Ph.D. Topics on Sociolinguistics

A sociolinguist might study how people from different cultural backgrounds use language.
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Sociolinguistics studies the use of language in social interaction, and the subject focuses on the use of language in the media, in corporations or in ordinary conversations. At the Ph.D. level, a sociolinguistics dissertation topic would likely span the intersection of linguistics and sociology, and a student may even be a member of both departments.

1 Race and Language

A student of sociolinguistics might focus on how a particular racial group uses a certain language. A famous and commonly studied example is African-American Vernacular English, known as both AAVE and Ebonics. Possible Ph.D. topics could focus more closely on the linguistic aspects of Ebonics, such as the tones, rhythms and sounds that distinguish AAVE from standard American English. Alternatively, students could focus on the social and economic impact of Ebonics in American society.

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2 Social Class and Language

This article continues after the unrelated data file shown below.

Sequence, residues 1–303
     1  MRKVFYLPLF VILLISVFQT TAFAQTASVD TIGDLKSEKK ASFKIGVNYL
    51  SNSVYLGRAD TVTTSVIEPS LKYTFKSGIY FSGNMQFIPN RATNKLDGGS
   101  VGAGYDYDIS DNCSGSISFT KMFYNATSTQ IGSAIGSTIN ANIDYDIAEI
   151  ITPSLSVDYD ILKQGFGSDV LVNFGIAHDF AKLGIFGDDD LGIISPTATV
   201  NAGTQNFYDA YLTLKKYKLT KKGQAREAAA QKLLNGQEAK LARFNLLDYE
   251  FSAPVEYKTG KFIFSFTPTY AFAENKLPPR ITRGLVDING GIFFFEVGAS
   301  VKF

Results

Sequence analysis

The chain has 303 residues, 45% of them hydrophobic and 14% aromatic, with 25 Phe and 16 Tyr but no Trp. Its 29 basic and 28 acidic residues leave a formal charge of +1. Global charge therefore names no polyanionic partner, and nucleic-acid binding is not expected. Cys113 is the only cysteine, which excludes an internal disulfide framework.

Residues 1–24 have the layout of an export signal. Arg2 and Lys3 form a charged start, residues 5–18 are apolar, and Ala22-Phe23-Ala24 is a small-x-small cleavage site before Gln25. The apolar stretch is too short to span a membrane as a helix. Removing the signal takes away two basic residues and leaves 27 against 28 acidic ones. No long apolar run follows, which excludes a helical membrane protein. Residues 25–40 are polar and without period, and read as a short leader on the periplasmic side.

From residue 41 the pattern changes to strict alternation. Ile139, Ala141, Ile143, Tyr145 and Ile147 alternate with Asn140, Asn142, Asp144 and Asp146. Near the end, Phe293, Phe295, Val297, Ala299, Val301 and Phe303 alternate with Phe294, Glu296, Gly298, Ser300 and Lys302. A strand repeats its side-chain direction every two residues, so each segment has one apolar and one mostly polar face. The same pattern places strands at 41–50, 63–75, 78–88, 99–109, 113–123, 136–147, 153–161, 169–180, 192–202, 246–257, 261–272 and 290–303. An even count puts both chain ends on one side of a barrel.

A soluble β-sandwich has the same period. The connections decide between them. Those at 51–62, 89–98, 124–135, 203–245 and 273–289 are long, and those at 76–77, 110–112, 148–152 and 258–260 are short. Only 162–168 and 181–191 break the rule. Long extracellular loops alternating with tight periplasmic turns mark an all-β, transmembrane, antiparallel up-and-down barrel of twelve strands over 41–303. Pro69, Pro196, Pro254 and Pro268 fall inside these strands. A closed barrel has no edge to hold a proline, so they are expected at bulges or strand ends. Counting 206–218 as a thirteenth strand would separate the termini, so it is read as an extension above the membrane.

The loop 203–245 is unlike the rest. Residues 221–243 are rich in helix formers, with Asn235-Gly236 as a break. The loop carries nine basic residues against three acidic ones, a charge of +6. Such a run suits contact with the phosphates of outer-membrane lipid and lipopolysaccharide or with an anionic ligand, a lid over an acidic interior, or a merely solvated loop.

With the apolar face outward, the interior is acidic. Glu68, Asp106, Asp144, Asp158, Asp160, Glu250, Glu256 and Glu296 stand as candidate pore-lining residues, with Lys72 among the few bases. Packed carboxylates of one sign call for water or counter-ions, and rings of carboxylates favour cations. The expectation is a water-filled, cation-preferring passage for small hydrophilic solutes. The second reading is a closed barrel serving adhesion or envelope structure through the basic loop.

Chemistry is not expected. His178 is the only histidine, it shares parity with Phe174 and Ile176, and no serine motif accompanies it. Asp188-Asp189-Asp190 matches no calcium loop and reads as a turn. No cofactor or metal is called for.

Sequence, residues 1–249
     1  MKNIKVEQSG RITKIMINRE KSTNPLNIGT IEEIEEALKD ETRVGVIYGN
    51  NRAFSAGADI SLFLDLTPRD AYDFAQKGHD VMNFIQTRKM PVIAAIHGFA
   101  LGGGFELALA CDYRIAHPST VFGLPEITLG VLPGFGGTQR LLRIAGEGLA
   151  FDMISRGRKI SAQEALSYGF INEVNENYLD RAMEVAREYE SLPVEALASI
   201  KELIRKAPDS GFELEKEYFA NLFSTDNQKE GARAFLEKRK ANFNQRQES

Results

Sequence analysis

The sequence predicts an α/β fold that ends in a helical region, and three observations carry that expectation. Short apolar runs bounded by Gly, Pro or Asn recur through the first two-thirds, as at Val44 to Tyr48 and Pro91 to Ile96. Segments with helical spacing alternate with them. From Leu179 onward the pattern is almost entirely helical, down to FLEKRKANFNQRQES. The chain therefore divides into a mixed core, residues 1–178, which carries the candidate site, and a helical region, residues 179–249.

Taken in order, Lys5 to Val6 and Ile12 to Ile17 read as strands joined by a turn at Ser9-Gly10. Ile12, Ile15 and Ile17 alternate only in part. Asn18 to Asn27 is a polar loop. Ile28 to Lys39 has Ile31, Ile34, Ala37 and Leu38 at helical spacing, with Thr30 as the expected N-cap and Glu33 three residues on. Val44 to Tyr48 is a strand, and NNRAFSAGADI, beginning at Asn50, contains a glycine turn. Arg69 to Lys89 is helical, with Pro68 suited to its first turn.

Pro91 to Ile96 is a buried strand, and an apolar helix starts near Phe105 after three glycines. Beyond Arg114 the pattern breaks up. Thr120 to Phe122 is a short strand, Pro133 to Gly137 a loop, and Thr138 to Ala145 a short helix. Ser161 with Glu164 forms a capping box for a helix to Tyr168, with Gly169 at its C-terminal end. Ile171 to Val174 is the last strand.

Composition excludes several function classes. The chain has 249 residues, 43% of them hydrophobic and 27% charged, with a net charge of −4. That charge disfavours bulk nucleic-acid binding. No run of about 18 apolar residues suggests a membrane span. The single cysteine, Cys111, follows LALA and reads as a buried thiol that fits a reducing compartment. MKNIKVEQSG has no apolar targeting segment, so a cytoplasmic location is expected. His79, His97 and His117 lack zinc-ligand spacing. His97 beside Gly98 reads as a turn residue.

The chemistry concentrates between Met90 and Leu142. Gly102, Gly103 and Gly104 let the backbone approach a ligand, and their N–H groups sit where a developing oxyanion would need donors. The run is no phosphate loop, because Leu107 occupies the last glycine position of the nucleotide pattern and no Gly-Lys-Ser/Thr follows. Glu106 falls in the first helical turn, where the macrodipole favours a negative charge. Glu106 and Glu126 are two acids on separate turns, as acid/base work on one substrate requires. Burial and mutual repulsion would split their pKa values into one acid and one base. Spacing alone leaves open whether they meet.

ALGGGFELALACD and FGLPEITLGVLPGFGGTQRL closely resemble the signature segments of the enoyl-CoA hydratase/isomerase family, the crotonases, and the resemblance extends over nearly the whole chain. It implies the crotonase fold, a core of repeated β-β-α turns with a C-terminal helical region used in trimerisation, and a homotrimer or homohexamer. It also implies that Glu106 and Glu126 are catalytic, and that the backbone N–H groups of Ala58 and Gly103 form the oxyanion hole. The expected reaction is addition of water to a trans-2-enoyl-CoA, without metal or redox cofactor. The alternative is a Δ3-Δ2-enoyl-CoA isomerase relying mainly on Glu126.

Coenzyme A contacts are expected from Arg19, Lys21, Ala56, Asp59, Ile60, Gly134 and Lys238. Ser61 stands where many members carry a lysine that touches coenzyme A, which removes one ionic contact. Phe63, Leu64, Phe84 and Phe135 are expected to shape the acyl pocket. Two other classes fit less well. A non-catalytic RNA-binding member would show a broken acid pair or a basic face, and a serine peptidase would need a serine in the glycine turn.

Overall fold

A commonly studied sociolinguistics topic is the intersection of language and social class. There are numerous examples within the English language where a person's social class impacts his style of speaking. In Britain, for example, the "Cockney" accent is famously the language of the urban working class in London, and so a student could study how and why the working classes uses this style of English. Within the United States, similar examples abound, and students could even focus narrowly on a single detail, like the class implications of using the word "ain't."

3 How Language Changes

Sociolinguistics does not by definition need to focus on the present. Students, for example, could focus on how the English language has changed over history. Students could choose to go back very far in history, and focus on the origins of English, and the Norman invasion of Britain's impact on language formation. In a topic like this, students might explore the relationship between English and French. Alternatively, students might instead focus on something contemporary, like gradual decline of the Boston accent in New England, or the causes of regional accent differences within the United States.

4 Teaching and Education of Language

Students hoping to focus on a more methodological project could focus on the teaching and education of a language. An interesting topic might be the different styles of learning English as a second language. Students could closely examine how certain cultural backgrounds affect a student's ease of learning a language, and why this is the case. Alternatively, students could analyze new ways of teaching the language more effectively to overcome hurdles that are common in ESL teaching.

Kevin Wandrei has written extensively on higher education. His work has been published with Kaplan,, and Shmoop, Inc., among others. He is currently pursuing a Master of Public Administration at Cornell University.